Among different family types, sole parent families have the highest poverty rates, at 35%. Children in sole parent families, with a poverty rate of 44%, are more than three time as likely to live in poverty as children in couple families, who have a poverty rate of 13%.

People with paid employment are also living in poverty in Australia. Among people in households where the main income is wages, 7% are in poverty. This 7% is made up of families with children, those reliant on only part-time earnings, and those with high housing costs. Since most people live in wage-earning households, this group is a substantial part (38%) of all people in poverty.

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Video: Discussion of poverty in Australia

How has poverty changed in Australia since 1999?

The overall poverty rate in Australia wavered between 11.5% and 14.5% from 1999 to 2017. Poverty declined substantially from 13.1% in 1999
to 11.5% in 2003, then rose sharply during the boom years to 14.4% in 2007. Following the Global Financial Crisis in 2007-08 and a pension increase in 2009, it fell to 12.6%, then rose modestly to 13.1% in 2017.12

The main influences on this have been changes to economic conditions and to Australia’s social security system. In 2009 an increase of $32 a week was granted to the single rate of pensions (excluding the Parenting Payment). This increase, combined with the ongoing indexation of pensions to wage movements, played a large part in the decline in the poverty rate between 2007-08 and 2009-10, although we are unable to measure its impact precisely due to other factors such as economic conditions and rent levels. Find out more on our Causes and Solutions page.

Child poverty has fluctuated at a higher rate, between 14.3% and 18.6% from 1999-00 and 2015-16. It followed a similar path to the overall poverty rate before the GFC, decreasing from 18.6% in 1999-00 to 14.3% in 2003-04, then increasing sharply to 18.1% in 2007-08. However, after the GFC child poverty took a different path to overall poverty. It fell only slightly to 17.8% in 2009-10, decreased to 16.5% in 2013-14, then increased to 17.7% in 2015-16.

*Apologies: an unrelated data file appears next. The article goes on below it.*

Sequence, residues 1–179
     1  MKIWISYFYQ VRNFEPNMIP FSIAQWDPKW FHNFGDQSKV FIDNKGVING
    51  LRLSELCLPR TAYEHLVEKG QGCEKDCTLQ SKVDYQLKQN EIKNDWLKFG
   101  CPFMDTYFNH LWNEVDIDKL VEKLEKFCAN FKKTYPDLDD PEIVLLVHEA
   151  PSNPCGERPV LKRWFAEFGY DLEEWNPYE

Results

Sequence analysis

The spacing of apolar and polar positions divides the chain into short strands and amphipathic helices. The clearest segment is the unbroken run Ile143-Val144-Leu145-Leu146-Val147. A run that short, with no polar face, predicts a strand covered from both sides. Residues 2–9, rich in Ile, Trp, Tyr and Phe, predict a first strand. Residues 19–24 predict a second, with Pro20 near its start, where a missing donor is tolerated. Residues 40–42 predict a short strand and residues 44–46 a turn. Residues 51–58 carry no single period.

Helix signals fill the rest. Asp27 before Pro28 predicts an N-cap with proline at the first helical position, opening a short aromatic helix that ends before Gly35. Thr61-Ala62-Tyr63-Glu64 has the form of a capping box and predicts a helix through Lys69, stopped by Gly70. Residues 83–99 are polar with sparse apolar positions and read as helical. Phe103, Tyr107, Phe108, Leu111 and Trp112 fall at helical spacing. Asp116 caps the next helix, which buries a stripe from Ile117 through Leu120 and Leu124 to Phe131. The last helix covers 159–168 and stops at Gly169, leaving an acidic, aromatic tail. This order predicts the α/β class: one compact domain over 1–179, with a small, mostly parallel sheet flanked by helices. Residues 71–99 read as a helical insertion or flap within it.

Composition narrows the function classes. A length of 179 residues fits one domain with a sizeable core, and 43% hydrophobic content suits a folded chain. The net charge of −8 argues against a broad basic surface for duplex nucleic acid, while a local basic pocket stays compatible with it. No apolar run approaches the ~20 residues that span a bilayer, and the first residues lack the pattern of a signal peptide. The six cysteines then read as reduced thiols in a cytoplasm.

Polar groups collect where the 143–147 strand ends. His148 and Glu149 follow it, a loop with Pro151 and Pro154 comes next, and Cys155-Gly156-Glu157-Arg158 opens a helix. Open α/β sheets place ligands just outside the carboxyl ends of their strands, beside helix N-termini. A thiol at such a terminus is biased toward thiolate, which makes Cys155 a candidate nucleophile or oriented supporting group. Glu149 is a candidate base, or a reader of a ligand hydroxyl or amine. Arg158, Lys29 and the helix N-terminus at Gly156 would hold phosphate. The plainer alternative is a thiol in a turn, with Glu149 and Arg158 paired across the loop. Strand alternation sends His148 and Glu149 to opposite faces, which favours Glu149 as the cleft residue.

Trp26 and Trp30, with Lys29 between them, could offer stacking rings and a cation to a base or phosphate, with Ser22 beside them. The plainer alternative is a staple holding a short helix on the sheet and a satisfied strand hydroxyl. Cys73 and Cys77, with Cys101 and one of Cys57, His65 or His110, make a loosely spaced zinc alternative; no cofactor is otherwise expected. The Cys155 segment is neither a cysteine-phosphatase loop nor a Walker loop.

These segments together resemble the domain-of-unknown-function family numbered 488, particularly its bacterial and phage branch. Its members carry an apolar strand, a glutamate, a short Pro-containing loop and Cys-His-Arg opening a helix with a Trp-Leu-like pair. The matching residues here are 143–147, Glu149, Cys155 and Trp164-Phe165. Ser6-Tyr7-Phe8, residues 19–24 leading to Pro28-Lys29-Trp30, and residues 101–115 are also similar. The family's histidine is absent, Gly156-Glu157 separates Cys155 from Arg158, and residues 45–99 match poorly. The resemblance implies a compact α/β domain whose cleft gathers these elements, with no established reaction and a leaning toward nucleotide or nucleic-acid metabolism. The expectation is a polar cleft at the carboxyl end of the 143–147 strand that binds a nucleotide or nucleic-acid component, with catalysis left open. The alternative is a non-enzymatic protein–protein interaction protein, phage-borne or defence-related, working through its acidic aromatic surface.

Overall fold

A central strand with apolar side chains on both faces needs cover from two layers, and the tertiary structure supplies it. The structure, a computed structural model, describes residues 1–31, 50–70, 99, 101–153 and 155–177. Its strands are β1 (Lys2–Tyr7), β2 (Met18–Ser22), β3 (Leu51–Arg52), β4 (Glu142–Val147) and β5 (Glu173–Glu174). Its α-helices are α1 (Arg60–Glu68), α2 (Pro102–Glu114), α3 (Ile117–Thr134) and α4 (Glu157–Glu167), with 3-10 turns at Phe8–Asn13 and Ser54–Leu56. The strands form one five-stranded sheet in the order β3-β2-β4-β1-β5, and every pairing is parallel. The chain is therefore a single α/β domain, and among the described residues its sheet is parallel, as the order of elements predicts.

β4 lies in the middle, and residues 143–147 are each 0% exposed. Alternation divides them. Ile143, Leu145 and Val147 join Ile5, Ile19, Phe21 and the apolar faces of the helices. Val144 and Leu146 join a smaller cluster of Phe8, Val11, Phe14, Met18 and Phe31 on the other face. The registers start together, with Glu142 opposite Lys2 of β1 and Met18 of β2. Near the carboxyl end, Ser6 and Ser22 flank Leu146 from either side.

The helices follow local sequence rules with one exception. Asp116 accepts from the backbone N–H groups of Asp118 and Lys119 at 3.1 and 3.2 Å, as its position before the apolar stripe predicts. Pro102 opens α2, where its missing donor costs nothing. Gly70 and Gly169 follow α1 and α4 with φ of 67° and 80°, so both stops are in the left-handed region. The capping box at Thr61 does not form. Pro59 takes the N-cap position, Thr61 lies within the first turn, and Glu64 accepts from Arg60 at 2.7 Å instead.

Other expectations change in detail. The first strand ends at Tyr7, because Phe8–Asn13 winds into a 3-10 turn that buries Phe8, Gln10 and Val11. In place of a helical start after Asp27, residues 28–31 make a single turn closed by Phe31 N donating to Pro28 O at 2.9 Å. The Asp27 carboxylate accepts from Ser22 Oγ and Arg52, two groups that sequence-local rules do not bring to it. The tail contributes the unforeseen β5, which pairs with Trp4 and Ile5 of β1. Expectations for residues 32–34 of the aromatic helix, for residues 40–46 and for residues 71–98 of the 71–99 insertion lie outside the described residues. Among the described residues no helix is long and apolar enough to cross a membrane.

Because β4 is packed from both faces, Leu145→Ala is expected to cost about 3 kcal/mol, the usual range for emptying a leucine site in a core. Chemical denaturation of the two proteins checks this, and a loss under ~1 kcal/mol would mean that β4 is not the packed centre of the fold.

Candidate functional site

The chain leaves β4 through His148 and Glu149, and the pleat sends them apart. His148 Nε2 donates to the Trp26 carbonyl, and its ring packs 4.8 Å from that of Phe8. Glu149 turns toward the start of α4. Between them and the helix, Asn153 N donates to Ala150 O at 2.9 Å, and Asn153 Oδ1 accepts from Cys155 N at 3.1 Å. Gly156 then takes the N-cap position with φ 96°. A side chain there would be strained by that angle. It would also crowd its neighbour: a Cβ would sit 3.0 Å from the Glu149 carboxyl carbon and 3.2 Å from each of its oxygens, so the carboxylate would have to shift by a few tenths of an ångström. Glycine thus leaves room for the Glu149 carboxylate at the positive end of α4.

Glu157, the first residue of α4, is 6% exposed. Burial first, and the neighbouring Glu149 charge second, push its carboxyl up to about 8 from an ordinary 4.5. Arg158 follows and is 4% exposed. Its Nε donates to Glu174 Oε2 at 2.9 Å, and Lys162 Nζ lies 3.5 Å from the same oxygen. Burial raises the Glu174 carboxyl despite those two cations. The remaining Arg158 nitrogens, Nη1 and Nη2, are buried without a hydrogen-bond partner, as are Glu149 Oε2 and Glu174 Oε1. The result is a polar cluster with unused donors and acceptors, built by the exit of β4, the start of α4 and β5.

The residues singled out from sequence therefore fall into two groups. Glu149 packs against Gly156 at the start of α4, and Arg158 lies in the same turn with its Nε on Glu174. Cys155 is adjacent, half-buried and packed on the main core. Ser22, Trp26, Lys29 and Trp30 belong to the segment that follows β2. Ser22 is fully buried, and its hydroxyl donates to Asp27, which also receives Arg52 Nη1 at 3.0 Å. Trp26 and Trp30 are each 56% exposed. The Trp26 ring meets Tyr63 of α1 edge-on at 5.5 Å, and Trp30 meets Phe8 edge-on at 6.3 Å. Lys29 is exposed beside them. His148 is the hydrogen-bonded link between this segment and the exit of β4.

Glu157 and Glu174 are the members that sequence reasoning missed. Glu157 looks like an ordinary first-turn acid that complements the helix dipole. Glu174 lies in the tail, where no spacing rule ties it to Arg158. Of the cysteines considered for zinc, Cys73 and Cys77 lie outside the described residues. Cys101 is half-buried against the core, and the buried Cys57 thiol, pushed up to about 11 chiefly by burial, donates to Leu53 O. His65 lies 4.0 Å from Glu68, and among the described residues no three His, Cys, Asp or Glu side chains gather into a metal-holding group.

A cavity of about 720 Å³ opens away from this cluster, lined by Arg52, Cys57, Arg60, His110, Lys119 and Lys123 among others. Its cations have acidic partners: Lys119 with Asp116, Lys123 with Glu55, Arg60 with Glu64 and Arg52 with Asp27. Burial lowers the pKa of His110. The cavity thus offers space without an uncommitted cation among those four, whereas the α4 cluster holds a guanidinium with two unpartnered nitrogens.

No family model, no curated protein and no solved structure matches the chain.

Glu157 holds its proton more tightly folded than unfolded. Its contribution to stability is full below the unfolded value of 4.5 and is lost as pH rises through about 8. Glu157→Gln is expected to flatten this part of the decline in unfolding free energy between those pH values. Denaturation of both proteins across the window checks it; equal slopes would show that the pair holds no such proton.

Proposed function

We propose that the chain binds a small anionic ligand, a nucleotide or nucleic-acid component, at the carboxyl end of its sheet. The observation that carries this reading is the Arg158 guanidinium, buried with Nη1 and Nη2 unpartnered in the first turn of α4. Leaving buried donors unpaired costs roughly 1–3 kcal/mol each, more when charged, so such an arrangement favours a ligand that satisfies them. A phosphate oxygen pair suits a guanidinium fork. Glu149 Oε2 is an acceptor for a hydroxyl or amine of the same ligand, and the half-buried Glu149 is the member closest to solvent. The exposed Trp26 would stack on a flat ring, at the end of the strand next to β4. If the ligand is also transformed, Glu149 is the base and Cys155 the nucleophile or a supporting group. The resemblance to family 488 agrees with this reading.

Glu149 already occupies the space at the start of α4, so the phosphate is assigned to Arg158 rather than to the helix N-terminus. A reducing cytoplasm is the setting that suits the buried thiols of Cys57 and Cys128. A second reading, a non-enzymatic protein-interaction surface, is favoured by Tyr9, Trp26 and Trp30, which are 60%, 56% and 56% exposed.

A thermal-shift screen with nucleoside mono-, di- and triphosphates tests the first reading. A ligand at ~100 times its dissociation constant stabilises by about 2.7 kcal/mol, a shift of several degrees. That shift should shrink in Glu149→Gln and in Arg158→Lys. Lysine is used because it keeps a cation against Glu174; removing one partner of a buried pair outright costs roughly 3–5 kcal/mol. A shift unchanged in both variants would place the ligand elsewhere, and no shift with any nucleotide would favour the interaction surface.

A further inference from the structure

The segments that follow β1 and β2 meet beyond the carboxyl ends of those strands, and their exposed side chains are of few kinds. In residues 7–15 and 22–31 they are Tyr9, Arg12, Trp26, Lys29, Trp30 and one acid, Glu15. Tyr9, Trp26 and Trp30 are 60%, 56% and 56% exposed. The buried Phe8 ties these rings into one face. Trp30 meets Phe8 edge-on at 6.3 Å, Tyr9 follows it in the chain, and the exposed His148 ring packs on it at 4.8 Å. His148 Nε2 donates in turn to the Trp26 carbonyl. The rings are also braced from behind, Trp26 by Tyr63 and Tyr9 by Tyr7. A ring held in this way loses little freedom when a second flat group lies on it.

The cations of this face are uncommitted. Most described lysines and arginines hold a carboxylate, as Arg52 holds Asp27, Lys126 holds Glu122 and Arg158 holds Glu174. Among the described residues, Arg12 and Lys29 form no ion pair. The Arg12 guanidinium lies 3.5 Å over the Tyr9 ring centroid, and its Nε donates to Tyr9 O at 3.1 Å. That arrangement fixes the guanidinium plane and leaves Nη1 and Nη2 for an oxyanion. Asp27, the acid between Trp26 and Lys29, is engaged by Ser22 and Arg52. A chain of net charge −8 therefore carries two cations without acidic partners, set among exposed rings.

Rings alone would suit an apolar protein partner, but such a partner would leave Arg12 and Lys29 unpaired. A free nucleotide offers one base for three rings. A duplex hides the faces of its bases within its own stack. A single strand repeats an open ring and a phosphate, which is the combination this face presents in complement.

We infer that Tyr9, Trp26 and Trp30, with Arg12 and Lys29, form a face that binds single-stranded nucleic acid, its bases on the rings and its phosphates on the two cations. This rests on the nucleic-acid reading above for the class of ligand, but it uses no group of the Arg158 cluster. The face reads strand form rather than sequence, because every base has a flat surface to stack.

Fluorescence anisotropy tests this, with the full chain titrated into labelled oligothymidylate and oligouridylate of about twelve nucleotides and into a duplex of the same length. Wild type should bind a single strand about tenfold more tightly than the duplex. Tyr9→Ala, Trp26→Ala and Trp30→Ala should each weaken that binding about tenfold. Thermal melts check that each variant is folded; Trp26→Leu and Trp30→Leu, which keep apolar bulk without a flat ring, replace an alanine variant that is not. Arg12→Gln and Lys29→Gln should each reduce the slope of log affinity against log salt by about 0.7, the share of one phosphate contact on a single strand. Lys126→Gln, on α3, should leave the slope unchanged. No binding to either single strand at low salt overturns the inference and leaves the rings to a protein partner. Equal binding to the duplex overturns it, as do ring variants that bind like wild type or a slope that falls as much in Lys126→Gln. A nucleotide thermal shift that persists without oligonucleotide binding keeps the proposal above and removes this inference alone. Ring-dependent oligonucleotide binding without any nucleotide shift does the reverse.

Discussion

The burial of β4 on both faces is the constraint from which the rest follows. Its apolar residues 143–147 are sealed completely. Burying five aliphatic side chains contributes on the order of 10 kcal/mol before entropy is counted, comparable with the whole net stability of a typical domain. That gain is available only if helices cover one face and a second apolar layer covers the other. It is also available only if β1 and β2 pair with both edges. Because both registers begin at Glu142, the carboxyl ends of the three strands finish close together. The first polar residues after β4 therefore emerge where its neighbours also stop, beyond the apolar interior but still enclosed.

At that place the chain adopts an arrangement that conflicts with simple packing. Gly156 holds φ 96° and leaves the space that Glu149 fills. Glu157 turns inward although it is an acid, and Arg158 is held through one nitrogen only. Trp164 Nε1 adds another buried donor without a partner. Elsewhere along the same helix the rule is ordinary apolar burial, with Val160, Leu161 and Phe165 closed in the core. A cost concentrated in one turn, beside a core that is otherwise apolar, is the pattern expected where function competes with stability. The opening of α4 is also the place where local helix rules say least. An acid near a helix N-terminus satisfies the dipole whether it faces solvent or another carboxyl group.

These changes in child poverty were influenced by economic conditions, as was the total poverty rate, but changes to the social security system since the GFC have had a direct impact on the increase of child poverty. This is especially true for sole parent families. Parenting Payment, upon which many sole parent families are reliant, was excluded from an increase to pensions in 2009. This was exacerbated by the transfer of 80,000 sole parents from Parenting Payment to the lower Newstart Allowance (now JobSeeker) in 2013, and the freezing of Family Tax Benefits (after accounting for inflation). Find out more on our Causes and Solutions page.

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How does poverty in Australia compare with other countries?

In the latest year for which data is available (2016), Australia had the 16th highest poverty rate of 36 Organisation for Economic Co-operation and Development (OECD) countries. The OECD estimated Australia’s poverty rate then as 12.1% (compared with our estimate for 2017-18 of 13.6%, as the OECD uses a different measure of poverty which does not take account of housing costs).

Among the more wealthy OECD countries, Australia is part of an English speaking group, which has poverty rates above the OECD average of 11.8%.

Poverty in the media